COVID-19 Biomarkers in Research and Associations with Comorbidities

Nikhita Gogate, Amanda Bell, Daniel Lyman, Edmund Cauley, Ashia Joseph, Robel Kahsay, Raja Mazumder
2020 Zenodo  
Signature molecules, including genes, proteins, target panels, and glycans termed as biomarkers, are becoming increasingly significant in the Coronavirus disease 2019 (COVID-19) pandemic. High-throughput molecular characterization technologies have greatly accelerated the development of tests for risk assessment, diagnosis, prognosis, disease monitoring, and therapeutic evaluation. The disease complexity emphasizes the need for biomarker characterization that can help stratify patients based on
more » ... y patients based on their variable clinical manifestations and the presence of comorbidities. Powered by an NCI ITCR funded, comprehensive data model built to capture cancer biomarker data (OncoMX), and incorporating crowdsourced data collection and integration techniques, we have efficiently harmonized COVID-19 biomarker data. As of now, we have 146 potential biomarkers for COVID-19. The majority of biomarkers are associated with the immune system (including complement factors, inflammatory modulators, and pro-inflammatory factors) as well as coagulation factors. These trends suggest vascular pathobiology of the COVID-19 disease. Utilizing this collated biomarker data, we propose to identify common features and attributes of COVID-19, with cancer and other metabolic syndromes. Preliminary analysis shows biomarkers such as ACE2, IL-6, IL-4, and IL-2 have similar expression profiles in COVID-19 and cancer. Furthermore, COVID-19 biomarkers such as D-dimer, neutrophil to lymphocyte ratio (NLR), C-reactive protein (CRP), and low-density lipoprotein (LDL) shed light on the underlying physiological or pathological association with metabolic syndrome, diabetes, and hyperlipidemia. The importance of this study lies in identifying specific biomarkers that can successfully stratify patients based on distinct clinical presentations and the presence of comorbidities. Exploration of these patterns will benefit researchers and diagnosticians alike.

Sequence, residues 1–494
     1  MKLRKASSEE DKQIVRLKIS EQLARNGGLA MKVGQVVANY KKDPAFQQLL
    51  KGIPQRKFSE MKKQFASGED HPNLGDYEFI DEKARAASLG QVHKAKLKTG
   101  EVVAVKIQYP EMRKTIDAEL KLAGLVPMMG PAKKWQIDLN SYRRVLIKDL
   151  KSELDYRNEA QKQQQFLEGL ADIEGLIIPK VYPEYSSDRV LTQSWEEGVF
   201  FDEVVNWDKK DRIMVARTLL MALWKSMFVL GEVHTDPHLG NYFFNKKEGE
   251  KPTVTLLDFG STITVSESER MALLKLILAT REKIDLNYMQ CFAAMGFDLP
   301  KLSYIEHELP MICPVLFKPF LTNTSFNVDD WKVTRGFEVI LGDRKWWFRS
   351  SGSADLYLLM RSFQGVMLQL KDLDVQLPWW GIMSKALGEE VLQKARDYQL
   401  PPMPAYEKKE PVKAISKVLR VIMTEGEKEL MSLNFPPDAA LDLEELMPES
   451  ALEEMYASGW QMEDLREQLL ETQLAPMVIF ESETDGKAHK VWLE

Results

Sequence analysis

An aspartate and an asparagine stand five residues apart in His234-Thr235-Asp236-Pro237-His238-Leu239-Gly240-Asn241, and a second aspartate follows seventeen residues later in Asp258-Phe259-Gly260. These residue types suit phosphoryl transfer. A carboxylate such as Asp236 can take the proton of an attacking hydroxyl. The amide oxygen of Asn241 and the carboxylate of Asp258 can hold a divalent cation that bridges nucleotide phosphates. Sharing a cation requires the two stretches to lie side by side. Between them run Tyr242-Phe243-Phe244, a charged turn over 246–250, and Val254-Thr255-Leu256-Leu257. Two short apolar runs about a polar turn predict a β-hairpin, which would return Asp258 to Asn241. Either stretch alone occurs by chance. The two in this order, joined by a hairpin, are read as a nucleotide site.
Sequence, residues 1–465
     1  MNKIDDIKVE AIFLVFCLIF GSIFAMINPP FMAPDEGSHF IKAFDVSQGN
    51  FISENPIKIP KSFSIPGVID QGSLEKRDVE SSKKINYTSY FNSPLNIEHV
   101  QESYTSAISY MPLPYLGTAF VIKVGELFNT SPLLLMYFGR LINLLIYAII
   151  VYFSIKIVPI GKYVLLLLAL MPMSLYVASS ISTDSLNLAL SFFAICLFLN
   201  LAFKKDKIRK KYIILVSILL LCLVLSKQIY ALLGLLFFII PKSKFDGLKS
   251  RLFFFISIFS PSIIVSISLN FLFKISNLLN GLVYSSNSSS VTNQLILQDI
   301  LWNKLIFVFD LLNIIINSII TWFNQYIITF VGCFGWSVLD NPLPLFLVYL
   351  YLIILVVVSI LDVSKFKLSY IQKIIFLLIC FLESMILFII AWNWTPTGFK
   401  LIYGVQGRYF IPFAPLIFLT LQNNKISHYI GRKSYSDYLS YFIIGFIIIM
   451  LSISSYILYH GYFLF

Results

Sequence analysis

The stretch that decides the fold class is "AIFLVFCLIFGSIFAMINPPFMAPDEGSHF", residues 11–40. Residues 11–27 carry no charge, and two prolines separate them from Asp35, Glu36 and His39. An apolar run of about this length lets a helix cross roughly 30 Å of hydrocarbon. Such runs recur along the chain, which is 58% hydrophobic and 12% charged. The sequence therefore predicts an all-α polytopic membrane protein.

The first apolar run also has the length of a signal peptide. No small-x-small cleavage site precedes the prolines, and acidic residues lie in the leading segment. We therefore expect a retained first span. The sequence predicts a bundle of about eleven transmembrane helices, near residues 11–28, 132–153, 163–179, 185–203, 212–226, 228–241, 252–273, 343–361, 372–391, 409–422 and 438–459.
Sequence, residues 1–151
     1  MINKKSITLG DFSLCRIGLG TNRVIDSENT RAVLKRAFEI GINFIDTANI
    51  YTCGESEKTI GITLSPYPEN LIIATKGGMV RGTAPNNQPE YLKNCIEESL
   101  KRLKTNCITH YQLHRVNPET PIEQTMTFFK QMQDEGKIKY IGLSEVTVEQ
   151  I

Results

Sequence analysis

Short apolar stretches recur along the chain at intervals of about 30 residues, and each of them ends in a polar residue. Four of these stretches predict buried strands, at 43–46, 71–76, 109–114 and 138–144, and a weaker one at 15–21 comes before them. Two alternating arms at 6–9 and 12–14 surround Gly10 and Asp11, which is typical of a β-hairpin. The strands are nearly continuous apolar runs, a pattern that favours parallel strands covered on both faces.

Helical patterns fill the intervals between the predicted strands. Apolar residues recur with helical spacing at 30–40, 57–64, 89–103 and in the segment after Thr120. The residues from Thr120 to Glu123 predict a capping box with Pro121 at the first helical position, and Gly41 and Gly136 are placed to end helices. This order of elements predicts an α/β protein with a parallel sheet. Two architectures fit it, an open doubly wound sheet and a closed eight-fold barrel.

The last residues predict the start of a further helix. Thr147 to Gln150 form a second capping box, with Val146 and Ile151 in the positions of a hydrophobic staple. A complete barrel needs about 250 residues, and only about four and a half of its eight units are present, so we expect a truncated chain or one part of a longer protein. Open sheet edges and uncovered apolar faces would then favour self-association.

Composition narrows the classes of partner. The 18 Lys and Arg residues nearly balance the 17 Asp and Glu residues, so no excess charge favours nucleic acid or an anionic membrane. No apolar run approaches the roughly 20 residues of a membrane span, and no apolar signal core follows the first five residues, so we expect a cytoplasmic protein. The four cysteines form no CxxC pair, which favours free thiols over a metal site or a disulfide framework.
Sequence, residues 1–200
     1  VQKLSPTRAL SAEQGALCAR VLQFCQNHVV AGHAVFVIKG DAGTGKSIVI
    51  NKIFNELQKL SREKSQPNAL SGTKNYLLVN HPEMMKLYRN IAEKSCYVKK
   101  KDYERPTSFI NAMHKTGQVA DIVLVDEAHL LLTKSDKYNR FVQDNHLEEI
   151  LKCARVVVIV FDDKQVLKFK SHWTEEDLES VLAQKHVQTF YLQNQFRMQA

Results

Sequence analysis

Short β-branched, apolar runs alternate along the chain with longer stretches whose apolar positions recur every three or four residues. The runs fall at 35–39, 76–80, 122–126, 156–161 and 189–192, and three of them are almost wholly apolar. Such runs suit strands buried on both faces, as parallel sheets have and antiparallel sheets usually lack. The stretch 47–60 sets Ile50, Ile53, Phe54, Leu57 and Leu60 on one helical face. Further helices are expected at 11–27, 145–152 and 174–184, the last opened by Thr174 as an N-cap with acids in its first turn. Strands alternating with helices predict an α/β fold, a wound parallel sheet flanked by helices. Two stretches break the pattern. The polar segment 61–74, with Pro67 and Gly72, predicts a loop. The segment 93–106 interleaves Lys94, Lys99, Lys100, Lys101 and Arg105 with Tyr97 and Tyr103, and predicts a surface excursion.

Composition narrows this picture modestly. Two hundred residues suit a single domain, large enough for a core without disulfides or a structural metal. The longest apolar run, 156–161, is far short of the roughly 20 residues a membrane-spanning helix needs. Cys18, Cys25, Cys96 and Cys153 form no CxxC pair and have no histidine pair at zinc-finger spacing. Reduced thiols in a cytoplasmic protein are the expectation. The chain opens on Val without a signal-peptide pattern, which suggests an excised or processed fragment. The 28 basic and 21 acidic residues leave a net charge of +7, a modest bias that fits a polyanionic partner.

doi:10.5281/zenodo.4267247 fatcat:fcygzmdzwvdxjhpr5wqdezyu24